Why does this behavior seem strange to me? Because so many outspoken debaters fail at it. Deepak Chopra, for example, debates publicly about God but quickly gets emotional and degrades himself by hurling ad hominem attacks, like this muddled thing he co-authored about Sam Harris. This confused article says nothing of significance, continually attacks Harris, and yet is couched as a sort of moral high road for sloppy thinkers who hold onto beliefs despite evidence.

Some scientific figures like Richard Dawkins think some debates can be a bad idea. Dawkins posted this article on his website admonishing Bill Nye the Science Guy for debating evolution with Ken Ham, founder of the Creation Museum (what items this “museum” contains, I do not know). Dawkins thinks these debates give undo credence to propositions that are not falsifiable and lack real evidence.

But this free will debate is completely justified, and I’m excited to read Harris’ response. Dialogues like these enrich our understanding, and though Harris and Dennett share many beliefs, they are two very distinct minds with distinct styles of argument. Neither is liable to make a proposition without either empirical evidence or a strong philosophical argument.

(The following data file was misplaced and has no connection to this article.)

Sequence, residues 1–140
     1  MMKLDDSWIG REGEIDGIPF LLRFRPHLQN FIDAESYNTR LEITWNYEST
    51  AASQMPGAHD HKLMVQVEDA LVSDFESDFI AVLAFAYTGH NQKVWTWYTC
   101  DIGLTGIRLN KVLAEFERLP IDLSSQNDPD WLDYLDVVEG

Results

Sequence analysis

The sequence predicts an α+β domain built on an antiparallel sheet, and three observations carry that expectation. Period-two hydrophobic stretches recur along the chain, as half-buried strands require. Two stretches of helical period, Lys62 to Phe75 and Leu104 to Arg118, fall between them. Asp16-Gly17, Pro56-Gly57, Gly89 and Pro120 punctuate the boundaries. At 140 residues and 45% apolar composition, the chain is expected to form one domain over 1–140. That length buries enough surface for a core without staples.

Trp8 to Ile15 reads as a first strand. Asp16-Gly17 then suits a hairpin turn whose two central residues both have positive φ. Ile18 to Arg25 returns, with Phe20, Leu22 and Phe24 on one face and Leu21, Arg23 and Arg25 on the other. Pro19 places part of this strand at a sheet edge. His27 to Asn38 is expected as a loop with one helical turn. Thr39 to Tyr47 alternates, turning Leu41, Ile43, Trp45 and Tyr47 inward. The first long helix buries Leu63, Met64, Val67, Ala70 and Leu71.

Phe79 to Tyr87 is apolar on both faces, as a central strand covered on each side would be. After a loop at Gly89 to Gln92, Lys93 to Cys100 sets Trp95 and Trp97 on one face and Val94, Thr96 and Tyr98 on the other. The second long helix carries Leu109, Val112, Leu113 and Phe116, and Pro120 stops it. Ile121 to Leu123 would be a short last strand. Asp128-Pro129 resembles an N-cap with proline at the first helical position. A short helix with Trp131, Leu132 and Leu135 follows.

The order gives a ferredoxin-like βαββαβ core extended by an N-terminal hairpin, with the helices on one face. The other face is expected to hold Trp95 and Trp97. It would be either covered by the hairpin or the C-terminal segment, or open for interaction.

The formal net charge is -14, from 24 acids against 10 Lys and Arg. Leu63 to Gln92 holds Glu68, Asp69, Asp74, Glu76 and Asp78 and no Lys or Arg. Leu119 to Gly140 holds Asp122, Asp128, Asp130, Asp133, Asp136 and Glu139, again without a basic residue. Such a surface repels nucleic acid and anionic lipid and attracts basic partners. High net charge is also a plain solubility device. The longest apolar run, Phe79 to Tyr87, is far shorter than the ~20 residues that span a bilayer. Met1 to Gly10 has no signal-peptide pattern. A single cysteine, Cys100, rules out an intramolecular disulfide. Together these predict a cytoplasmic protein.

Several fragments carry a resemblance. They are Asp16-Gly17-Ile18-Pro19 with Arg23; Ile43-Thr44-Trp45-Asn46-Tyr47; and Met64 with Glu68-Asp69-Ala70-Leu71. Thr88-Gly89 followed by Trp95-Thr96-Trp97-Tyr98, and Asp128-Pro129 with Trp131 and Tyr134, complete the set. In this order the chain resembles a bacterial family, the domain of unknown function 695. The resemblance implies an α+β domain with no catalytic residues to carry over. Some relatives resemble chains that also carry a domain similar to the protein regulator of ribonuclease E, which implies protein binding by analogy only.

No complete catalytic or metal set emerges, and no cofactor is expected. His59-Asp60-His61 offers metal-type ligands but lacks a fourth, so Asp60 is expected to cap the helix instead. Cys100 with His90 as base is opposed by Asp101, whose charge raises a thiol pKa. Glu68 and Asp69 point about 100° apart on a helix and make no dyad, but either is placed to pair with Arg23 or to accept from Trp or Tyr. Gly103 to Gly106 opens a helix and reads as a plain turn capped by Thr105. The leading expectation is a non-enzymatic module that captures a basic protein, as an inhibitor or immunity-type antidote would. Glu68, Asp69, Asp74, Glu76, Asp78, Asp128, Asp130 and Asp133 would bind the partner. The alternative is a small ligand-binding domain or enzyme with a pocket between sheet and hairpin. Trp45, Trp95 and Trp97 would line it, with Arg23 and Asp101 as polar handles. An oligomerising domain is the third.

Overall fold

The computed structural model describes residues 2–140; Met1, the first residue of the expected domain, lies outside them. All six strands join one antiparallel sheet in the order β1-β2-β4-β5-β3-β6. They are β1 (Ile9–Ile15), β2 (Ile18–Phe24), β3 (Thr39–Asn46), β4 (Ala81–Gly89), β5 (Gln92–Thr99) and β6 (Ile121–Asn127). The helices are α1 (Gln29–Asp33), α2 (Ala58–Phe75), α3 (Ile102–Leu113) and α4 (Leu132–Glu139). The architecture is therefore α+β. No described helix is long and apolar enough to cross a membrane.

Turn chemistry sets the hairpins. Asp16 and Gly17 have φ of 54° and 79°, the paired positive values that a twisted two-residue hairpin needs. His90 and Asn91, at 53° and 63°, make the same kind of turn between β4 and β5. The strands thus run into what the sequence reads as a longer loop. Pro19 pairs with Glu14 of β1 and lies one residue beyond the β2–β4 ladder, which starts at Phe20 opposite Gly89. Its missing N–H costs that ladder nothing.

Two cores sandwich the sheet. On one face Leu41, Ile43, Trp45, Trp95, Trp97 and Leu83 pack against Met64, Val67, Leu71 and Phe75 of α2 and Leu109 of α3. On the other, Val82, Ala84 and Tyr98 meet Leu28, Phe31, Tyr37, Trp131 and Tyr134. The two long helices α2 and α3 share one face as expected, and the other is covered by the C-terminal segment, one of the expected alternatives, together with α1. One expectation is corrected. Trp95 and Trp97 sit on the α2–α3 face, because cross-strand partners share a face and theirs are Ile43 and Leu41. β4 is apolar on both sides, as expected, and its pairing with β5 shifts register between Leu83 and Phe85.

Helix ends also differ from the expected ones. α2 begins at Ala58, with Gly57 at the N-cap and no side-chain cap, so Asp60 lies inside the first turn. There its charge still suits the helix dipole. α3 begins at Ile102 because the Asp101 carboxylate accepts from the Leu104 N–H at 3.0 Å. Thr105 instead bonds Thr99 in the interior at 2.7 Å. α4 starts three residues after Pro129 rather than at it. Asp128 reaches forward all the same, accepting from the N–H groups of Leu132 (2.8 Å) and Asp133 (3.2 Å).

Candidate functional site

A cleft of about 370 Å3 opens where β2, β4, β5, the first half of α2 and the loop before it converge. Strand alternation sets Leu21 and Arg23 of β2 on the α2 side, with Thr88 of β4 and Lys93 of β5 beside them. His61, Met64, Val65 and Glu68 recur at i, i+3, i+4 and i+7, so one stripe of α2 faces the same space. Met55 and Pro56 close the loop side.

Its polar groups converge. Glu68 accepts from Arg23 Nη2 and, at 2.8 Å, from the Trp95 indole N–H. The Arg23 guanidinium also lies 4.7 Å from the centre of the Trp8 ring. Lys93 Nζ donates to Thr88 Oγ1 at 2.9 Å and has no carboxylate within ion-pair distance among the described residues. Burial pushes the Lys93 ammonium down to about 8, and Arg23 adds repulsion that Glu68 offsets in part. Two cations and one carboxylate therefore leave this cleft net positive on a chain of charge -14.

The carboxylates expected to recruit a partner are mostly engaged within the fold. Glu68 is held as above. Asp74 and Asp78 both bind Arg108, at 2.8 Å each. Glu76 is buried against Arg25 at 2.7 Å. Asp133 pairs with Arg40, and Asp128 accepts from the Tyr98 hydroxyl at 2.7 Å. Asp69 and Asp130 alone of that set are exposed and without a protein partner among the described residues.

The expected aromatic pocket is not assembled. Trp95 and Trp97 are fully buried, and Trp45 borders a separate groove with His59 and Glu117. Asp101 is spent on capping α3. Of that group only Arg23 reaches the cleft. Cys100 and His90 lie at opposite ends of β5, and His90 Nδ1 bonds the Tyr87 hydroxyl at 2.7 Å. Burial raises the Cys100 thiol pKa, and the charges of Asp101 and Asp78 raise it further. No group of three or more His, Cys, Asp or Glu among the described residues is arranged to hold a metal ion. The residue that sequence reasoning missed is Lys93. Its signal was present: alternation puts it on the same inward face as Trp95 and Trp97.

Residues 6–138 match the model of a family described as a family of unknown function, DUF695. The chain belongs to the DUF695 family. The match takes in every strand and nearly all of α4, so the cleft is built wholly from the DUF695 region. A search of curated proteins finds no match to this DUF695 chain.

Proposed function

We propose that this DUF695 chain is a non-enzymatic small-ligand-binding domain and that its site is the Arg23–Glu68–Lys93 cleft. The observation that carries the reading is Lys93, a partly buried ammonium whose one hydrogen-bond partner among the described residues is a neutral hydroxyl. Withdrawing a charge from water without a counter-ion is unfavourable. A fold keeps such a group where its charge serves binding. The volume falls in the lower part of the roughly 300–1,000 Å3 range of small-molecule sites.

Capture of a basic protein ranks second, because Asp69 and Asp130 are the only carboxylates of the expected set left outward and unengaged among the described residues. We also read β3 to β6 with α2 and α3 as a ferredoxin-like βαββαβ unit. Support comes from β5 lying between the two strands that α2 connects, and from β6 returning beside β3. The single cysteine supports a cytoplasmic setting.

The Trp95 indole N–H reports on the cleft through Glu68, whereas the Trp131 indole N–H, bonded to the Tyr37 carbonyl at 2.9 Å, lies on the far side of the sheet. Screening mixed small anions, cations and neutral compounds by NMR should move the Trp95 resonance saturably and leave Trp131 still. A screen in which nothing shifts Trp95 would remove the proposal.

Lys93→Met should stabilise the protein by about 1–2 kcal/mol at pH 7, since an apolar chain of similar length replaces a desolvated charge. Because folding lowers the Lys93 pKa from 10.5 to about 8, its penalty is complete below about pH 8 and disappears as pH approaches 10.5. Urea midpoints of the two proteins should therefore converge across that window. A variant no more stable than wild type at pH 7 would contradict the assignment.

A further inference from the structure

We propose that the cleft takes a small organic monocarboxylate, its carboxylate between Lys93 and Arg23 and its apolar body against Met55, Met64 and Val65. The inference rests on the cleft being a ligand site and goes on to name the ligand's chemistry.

I don’t think this dialogue will resolve the issue once and for all. Certainly neither side will convince everyone in the world if scientists can’t even convince creationists of evolution. But if the debate causes us to question our own beliefs, maybe even shed some of our lazy assumptions, it will have done the us good.

True Detective

HBO’s new drama True Detective has a lot going for it, and it feels strangely familiar at times. It is a gritty procedural with complex characters and gratuitous nudity, nothing new for the network, but there is an edgy new darkness brooding around all the things that make this familiar as a cop show.

Like the dark woods surrounding Twin Peaks or the irrepressible Seattle drizzle in The Killing, the landscape of True Detective is haunted with secrets. From a seedy truck stop teeming with hookers to a grimy trailer park, also teeming with hookers, to a burned out church on a desolate farm with no hookers but a frightening smudge drawing and a portentous flock of birds, episode two (“Seeing Things”) smothered us with the underbelly of Louisiana.

Like all truly great cop shows, when we explore the territory we really explore the characters. Woody Harrelson and Matthew McConaughey have dug right in from the start as two deeply conflicted detectives with opposing philosophies. McConaughey’s Rust Cohle seems like a brilliant, existential isolate while we get the sense that Harrelson’s Martin Hart would be lost without his family, even if he doesn’t act like it.

We start with an occult murder and our leading man has lingering drug issues from his time as an undercover narc. I expect to explore some exciting, strange psychological territory here. We don’t need to believe in black magic; it’s enough that someone does. That is scary. And I get the sense Cohle knows a thing or two about this type of behavior already.